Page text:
One of the most painful experiences in life is a divorce. There are so many important decisions that have to be made about children and finances, not to mention the emotional and spiritual costs to both spouses.
Today, I want to talk about the tax cost of a divorce, specifically the continuation of tax liabilities after the marriage.
The vast majority of couples today file joint tax returns. By doing so each becomes personally liable for the entire amount of taxes that are owed on the return. Each also becomes personally liable for any and all taxes that may arise in a future audit of that return.
Some couples file separate returns, called married filing separately. This does not avoid much of the problem, in part because many states have community property laws which generally require each spouse to report half of the other spouse’s earnings regardless of who actually earned the income.
If you are legally married, or if your significant other may be able to claim there is a common law marriage under state law, then the determination of what type of return to file may be critical. If there are potential issues in the marriage, I would urge you to consult with an expert to help make the right election.
The tax liability incurred in a prior marriage can and will follow each of the parties after they separate and divorce.
The IRS can seize and sell any property that either spouse owns. This includes any property you receive in the divorce proceeding. Remember that both of you are generally personally liable for the full amount of the taxes, penalties and interest that are reflected on the return or arise in a future audit.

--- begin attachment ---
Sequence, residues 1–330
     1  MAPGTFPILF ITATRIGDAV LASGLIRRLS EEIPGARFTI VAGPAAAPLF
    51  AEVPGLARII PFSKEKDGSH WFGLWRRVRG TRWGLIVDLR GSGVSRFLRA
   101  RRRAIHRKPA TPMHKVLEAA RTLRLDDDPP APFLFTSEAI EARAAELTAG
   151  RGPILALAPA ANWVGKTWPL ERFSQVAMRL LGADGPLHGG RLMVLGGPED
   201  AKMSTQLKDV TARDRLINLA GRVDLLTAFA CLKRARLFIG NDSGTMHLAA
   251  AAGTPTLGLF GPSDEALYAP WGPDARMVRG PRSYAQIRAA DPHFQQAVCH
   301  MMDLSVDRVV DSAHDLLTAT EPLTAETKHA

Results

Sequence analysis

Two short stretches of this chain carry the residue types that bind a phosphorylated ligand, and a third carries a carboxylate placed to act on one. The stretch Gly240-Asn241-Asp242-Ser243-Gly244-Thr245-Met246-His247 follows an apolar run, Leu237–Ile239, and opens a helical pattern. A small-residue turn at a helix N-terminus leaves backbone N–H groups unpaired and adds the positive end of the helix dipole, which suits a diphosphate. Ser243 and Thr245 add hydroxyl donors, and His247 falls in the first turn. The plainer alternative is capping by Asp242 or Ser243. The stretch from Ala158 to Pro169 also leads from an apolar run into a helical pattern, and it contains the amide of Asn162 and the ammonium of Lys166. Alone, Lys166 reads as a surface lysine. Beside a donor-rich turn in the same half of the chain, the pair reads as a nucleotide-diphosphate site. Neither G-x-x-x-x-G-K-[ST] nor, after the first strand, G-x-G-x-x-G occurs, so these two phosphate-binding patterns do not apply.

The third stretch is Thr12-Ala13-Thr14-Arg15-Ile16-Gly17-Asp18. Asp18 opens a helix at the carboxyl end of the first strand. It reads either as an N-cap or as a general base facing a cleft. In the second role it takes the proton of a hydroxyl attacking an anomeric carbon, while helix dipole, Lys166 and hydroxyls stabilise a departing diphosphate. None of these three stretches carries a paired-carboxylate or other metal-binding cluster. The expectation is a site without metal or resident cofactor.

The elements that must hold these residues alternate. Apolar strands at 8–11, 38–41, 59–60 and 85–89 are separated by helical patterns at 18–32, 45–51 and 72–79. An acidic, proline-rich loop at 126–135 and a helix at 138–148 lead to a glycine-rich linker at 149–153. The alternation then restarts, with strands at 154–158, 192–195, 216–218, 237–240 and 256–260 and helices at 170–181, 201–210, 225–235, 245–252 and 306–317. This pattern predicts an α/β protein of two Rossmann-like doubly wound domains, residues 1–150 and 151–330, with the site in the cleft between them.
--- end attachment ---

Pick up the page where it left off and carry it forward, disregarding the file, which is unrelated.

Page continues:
Those tax liabilities may also affect the next spouse as well. This is especially difficult where one spouse remarries and his or her old tax liability attaches to the new community property acquired in the new marriage.
I am often told by new clients that the divorce decree provides that the prior spouse has the duty to pay the taxes and the IRS is bound by that ruling. Unfortunately, divorce is a state court proceeding and does not bind the IRS. The IRS can and will pursue both parties, especially whichever party has the most liquid assets (cash in checking and savings accounts, wages, etc.) that are the easiest to seize.
Some taxes are not joint obligations — only one spouse may be liable. For example, some income taxes from a married filing separately return as well as certain penalties arising from unpaid payroll taxes may be the responsibility of only one spouse. However, the IRS can and will sell community property of both spouses at liquidation value and pay the other spouse half of what is received after expenses (which can be substantial).
Unfortunately, the primary claim in the state court proceeding merely allows one spouse to sue the other spouse for their property losses. This is hardly satisfying considering the loss of the property and especially the time and expense of another lawsuit.
The federal tax law creates an exception to avoid some of the hardships all of this can create. This exception was typically known as the “innocent spouse” law — which has been replaced by several relief provisions in different statutes that are often very different and may offer several different kinds of relief.
We will address these provisions in the next article.
If your marriage is in trouble, or you are about to be married to someone who has old tax liabilities, you really need to see a tax specialist. And find a good one. Very few people know anything about these laws.